Dieting is tough. If you’re like many people, you’ve sifted through countless Internet pages, books and blogs, all dedicated to dieting and weight loss.
It seems like everywhere you turn there is a new “it” diet out there. One says you should eat everything but carbs, others say you should only eat carbs. There are diets based on regions and others based on only eating food around when our ancestors lived in caves.
With so much constantly thrown at you, wouldn’t it be nice to just have a list of foods that are good for you and can help you lose weight, without all the gimmicks or “cleanse” drinks?
We’ve got that for you right here. Nothing but the best diet foods for weight loss and how each helps. So while there are some good diets out there, most are not clear or easy to follow. This one is.
First, Let’s Talk About Calories
Here’s the thing. Different diets say different things about calories. Some suggest you can eat as much as you want, as long as it falls in certain food groups. Others make you focus on remaining under a certain number of calories.
But what is it?
The clear fact of the matter is, to lose weight, you need to burn more calories than you take in. It’s that simple.
But what about eating fats and sugars and all that? Doesn’t that mean I can eat as much of that as possible, as long as I burn more calories?
The short answer is yes. As long as you burn more calories, you’ll lose weight.
Now, eating fats and sugars do other things do your body that you want to avoid. Here’s the thing with fats and all that. There are 3-4 calories per gram of protein (this does depend on the kind of protein you’re eating). There are 4 or more calories per gram of carbs. And there are 9 calories per gram of fat. This means you can actually eat more proteins (and carbs) while cutting your calories. That’s a major reason why focusing on proteins and cutting out fats is important. It’s because you can eat more (San Francisco Gate, 2016)!
But I’ll Have to Count Calories, Right?
Is there anything more frustrating and even depressing than counting calories?
It’s like you need to break out the abacus to do all the arithmetic, just to know how many calories you’re eating.
At first, counting can help. At least, it will tell you how many calories a food item has. Eventually, you’ll figure out what is good and what isn’t and you’ll be able to stop counting. It’s really more a means of educating you on what’s healthy and what isn’t.
This is actually what makes Weight Watchers so smart. Counting up to 2,000 or so calories every day takes a good amount of effort (and you only have so many fingers to count). Instead, it uses a point system. You are given a set number of points, and everything you eat comes with certain points.
While Weight Watchers does use a more complex algorithm for identifying what you should or shouldn’t eat, much of this is pegged to the caloric intake. It just simplifies the process.
But back to the original question. You should count calories at first, just so you understand how many calories goes into that piece of chicken or the protein smoothie. Once you have that all figured out, you can stop counting (WebMD, 2018).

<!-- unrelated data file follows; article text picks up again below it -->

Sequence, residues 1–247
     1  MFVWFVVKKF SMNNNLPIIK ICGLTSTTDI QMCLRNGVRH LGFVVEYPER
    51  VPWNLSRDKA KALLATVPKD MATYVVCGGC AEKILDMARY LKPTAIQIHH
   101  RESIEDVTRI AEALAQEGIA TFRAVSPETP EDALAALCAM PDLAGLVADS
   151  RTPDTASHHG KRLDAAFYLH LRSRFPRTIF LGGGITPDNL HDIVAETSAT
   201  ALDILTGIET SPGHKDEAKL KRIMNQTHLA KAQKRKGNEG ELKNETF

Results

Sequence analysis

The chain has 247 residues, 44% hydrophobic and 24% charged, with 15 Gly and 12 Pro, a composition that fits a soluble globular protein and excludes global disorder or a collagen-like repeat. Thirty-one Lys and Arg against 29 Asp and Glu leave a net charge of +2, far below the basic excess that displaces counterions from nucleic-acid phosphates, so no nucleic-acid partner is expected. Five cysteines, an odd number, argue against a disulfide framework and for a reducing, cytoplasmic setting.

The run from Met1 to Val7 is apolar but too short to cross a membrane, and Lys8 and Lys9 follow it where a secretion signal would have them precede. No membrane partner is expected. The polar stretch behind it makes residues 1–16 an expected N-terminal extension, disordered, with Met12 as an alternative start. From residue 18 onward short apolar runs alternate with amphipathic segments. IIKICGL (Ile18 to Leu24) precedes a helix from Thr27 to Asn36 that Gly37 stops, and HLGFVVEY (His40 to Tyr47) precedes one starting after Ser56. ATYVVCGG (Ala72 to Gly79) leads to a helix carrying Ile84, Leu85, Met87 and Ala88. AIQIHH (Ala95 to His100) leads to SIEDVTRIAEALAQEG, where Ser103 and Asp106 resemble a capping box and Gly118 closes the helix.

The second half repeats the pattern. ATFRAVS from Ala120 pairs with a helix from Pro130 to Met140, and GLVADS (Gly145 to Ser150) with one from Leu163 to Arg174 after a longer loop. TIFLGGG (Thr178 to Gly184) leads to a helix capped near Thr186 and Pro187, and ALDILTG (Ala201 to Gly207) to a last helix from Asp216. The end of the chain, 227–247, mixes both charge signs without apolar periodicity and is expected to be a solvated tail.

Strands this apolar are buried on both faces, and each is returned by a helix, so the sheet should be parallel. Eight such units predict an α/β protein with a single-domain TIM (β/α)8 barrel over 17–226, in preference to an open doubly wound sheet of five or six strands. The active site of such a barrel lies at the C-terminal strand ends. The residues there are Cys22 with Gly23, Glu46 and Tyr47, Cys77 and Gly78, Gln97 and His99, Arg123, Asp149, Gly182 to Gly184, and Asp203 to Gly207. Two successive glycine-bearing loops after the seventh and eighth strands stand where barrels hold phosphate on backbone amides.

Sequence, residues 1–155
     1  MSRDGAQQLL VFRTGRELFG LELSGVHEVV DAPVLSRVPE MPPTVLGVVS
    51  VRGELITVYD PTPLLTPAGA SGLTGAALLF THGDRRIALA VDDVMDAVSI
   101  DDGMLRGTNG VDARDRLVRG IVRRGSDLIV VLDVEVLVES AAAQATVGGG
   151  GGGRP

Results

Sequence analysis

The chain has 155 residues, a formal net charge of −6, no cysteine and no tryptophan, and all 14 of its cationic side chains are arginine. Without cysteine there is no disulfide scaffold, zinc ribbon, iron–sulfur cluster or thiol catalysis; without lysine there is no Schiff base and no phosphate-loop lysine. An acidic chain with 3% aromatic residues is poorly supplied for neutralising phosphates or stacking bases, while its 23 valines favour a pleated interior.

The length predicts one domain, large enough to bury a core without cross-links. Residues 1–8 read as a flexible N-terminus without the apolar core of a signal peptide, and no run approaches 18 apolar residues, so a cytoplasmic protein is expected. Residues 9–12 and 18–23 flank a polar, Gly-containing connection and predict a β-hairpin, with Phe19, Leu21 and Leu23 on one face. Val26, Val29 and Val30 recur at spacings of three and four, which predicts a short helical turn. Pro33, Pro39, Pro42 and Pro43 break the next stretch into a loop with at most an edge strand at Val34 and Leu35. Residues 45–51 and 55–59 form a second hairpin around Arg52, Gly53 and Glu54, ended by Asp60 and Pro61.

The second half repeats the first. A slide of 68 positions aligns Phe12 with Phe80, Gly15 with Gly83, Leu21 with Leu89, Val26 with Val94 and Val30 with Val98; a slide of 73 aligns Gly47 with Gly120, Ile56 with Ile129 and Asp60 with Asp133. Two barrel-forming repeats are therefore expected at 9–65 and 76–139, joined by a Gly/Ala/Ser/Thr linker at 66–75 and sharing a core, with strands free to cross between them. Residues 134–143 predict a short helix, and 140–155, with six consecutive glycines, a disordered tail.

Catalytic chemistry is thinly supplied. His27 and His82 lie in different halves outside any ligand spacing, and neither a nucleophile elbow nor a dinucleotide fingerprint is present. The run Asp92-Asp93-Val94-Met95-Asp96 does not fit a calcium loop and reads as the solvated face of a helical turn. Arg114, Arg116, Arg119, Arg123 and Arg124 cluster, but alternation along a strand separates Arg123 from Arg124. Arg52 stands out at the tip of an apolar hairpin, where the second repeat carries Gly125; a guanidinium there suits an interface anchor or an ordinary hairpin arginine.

A List of The Best Diet Food
Eggs are one of the very best foods you can eat. A single egg has about 6-7 grams or protein and only around 70 to 80 calories (these numbers do depend on the size of the egg). That means you could net 21 grams of satisfying protein and only consume around 240 calories. While you might want to avoid drinking them raw like Rocky, there are all sorts of ways you can prepare your eggs to ensure it’s tasty. If you have cholesterol problems, you can ditch the egg yolk, or go for egg white offerings at the store (there are products that are 100% egg whites). You’ll still retain most of the protein too!
Not all cheeses are created equal. Gruyere cheese is packed with a solid eight grams of protein per single ounce. If you’re not familiar with this type of cheese, it has a bit of a nutty flavor to it (which makes it great with toasted whole wheat bread. Or, crumble it up in a leafy green salad for more hunger beating protein. You may assume cheese is just going to add to your weight, but actually it has been proved that those who include a serving of cheese in their diet every day are actually, on average, thinner (Weight Loss Resources, 2016).
Sprouted Grain Bread
Bread doesn’t need to be bad for you. It’s all about finding the right kind of bread.
First, don’t even consider white bread. Those white bread loafs of “enriched” bread are packed with sugar, salt and all sorts of other, not so great ingredients. Going with artisanal bread, like French bread or others is better, because it does ditch the sugar (at least most of it), but you can do better. 100% whole wheat grain flour, especially 100% whole wheat artisanal bread it a solid option, but if you want to really go all the way, you’ll want to consider sprouted grain bread (Food For Life, 2016).
Sprouted grain means the grains were soaked in water and actually started to sprout before being turned into the grains for your bread. This ditches the sugar and salt. It’s also much easier on the digestive tract, and a plus if you have gluten allergies. Plus, because it is already sprouted, the nutrients are right there and ready for your body to absorb.